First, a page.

TV or projector set up
The best scenario would be to place your TV directly in front of the sofa and to be seated straight on, but if this isn't possible you need to make sure that any glare is kept to a minimum. The distance between your seating position and the TV should be about three times the size of the screen. For example if you have a 42" TV, you should ideally sit around 10ft away from the screen.
The ideal viewing height for your TV is eye level, so while you may be tempted to place your TV above a fire place, it will not offer very comfortable viewing.
If you have a projector, the distance between the screen and projector will determine how large an image can be projected on the screen, while the seating position determines the optimum viewing distance. Different models of projector use different lens type, so you should consult the manufacturer's manual to establish how far from the screen you should place your projector and where you should be sitting.
Surround sound set up
Your home cinema system is divided into three parts; front and centre speakers to provide clear, unbroken sound at the front of the room, rear speakers for ambient sound and effects, and lastly, the subwoofer to provide the deeper bass sounds.
Connecting: Make sure your system is powered down and unplugged. To avoid creating a short circuit that could damage your system, connect the wires to the speakers before the amp
Tuning: If you want to receive radio through your set-up, many modern devices will automatically scan the airwaves for you. Although this is quick and easy, you may find adjusting manually will provide better results; you ear can identify your ideal reception better than the machine
Speaker placement: Most set-up guides and pictures assume your room is a perfectly square box. In the real world, rooms aren't often shaped like that and the ideal speaker set up just isn't possible. Your home cinema setup can still be perfected for your room. Follow these tips to get the optimal sound quality.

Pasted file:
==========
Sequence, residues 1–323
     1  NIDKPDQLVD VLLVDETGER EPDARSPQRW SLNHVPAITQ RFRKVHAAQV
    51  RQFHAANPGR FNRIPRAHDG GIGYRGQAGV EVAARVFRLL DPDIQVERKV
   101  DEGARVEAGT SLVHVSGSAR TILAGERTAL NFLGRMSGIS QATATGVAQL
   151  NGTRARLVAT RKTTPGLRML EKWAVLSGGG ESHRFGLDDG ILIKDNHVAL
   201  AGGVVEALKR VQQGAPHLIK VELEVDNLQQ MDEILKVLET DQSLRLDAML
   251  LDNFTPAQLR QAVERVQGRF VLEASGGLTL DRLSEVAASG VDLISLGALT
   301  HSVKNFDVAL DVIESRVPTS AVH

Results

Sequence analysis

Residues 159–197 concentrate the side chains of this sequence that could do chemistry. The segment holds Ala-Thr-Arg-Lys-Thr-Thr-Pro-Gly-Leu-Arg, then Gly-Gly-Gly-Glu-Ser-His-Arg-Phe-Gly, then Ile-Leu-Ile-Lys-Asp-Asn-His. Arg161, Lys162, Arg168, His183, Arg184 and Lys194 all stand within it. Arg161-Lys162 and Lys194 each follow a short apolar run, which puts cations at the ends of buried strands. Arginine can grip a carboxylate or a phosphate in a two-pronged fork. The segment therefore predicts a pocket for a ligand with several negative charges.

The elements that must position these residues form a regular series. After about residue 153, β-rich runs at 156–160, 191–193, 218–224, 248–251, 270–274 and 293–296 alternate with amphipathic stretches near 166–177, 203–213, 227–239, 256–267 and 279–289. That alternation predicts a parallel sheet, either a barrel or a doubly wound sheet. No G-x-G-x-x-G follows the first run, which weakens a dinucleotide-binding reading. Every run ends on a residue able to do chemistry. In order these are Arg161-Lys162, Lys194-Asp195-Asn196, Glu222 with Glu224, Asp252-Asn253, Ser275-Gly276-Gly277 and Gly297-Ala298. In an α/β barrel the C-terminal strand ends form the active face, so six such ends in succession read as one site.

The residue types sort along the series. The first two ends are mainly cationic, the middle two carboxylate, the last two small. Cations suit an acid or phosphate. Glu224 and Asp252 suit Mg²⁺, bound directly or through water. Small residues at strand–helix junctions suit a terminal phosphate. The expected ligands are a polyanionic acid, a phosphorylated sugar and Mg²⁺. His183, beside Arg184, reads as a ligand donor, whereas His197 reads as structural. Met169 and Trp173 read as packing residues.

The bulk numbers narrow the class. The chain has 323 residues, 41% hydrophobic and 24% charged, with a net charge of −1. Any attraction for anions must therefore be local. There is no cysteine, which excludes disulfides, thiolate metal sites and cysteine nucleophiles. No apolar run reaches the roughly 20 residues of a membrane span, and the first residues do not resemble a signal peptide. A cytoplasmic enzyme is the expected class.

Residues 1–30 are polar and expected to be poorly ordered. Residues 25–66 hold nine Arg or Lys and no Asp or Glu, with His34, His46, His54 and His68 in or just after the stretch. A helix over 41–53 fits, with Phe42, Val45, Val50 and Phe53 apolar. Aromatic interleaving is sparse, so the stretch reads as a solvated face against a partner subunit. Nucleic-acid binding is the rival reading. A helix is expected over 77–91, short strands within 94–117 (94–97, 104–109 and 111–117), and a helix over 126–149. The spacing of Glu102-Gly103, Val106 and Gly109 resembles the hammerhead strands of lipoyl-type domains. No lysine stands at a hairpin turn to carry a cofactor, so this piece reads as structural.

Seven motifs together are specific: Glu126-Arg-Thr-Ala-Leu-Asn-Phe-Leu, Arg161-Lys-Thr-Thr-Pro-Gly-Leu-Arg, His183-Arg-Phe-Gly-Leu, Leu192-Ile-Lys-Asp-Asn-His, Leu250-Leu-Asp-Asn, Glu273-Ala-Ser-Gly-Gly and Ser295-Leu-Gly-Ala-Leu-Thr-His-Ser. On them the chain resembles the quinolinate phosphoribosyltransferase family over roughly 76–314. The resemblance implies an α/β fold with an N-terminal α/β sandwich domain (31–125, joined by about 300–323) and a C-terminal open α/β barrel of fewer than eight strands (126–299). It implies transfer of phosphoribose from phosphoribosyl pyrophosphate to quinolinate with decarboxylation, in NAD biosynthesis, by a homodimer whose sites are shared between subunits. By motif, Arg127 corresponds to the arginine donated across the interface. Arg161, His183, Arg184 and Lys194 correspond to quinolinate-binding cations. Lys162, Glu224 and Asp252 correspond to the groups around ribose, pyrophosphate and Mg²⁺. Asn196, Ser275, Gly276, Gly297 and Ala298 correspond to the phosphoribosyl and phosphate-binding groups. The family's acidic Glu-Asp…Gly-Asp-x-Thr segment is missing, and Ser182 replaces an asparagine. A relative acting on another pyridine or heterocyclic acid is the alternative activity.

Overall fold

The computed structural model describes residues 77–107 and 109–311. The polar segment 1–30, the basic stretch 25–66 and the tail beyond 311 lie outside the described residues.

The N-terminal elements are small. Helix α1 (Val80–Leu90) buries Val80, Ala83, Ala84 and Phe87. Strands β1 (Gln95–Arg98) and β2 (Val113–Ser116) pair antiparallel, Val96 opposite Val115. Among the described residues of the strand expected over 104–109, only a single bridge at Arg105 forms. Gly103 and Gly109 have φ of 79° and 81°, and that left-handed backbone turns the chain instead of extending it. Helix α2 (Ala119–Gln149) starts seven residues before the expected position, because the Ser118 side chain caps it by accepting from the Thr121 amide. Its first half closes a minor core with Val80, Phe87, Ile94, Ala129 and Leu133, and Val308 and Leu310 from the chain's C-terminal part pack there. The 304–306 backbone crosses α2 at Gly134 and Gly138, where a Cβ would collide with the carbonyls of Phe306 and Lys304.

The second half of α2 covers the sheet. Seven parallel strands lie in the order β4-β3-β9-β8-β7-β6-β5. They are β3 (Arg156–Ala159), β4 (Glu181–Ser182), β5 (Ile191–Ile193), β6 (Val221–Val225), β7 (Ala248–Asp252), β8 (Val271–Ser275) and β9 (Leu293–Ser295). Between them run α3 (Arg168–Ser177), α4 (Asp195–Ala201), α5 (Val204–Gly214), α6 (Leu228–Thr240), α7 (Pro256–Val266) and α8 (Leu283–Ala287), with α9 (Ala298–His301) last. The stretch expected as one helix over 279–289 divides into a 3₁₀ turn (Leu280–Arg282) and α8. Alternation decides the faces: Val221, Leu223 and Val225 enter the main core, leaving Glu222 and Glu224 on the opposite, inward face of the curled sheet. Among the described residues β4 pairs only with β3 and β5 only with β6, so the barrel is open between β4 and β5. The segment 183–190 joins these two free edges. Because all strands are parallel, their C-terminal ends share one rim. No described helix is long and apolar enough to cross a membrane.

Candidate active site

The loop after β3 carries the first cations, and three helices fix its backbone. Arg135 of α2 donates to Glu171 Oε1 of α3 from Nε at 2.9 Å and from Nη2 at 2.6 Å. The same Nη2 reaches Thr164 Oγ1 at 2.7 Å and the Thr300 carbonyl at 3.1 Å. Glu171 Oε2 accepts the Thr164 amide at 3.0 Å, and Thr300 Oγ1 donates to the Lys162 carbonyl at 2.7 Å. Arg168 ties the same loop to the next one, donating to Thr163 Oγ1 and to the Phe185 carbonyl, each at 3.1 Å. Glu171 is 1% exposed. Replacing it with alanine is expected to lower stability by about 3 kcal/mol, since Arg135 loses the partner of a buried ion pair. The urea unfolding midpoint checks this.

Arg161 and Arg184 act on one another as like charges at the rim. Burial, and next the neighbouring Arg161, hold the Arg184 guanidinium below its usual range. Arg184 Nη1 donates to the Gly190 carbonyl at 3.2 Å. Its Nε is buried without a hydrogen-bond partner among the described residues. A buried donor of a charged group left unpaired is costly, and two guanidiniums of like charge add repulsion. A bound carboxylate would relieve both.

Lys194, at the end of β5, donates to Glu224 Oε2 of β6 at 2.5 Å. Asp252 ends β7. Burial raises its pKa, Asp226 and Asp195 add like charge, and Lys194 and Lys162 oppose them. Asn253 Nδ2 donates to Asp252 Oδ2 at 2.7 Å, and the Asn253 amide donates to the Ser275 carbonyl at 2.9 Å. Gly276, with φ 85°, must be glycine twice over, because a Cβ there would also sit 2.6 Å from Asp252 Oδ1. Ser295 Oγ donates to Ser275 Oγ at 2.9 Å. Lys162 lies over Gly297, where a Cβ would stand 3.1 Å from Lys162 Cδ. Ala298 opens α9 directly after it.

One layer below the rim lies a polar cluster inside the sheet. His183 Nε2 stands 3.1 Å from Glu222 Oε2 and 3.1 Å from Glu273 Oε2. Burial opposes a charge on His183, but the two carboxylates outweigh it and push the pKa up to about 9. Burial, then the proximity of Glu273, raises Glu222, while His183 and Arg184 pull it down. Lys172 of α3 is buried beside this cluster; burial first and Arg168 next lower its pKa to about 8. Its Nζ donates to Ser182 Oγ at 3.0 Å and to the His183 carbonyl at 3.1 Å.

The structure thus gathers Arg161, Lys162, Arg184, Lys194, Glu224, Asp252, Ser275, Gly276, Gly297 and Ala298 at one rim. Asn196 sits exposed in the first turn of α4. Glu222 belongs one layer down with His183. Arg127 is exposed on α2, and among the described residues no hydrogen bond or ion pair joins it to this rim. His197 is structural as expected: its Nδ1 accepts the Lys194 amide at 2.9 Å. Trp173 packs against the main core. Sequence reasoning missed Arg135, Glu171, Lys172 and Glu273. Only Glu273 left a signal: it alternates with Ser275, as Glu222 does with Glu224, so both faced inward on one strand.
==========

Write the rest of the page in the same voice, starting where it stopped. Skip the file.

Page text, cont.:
Front speakers: Place these at an equal distance either side of the television. A metre or more will provide the best stereo separation.
Centre speaker: This needs to go right by the TV - If you can place it directly above or below this is best
Subwoofer: This can be put near a wall or in a corner near the television. You may need to experiment and move this if you get any bass vibrations or feedback
Rear speakers: As far as is possible, mirror the position of the front speakers with these. They need to go behind or to the side of your viewing position.
Many home cinema set ups will allow you to adjust individual levels for each speaker. You can use this function to balance the sound so the audio is perfect where you'll be sitting. If your system lets you put a test signal to each speaker this makes things much easier; you can sit in the chair and adjust the signal to each speaker until they all sound like they're at the same volume. If not, many DVD and Blu-ray discs have speaker calibration special features; Pixar movies are a prime example. You can also adjust "by ear" while watching a movie, but this won't be as precise
Hiding cable wires:
- Use cable ties to tidy slack or hanging cables behind your home cinema equipment. You can get ties that attach to devices and furniture for convenience
- Cable runners will hide leads that go across the floor. Run these around the edge of the room, if possible, and secure them to the floor where needed
- Try to set up the home cinema equipment in a permanent location. This saves time, effort and money in moving everything around and re-cabling each time
It may take a while to get your perfect home cinema set up. But what's the hurry?
You decide when the film starts.
Always refer to the manufacturer's manual for specific details.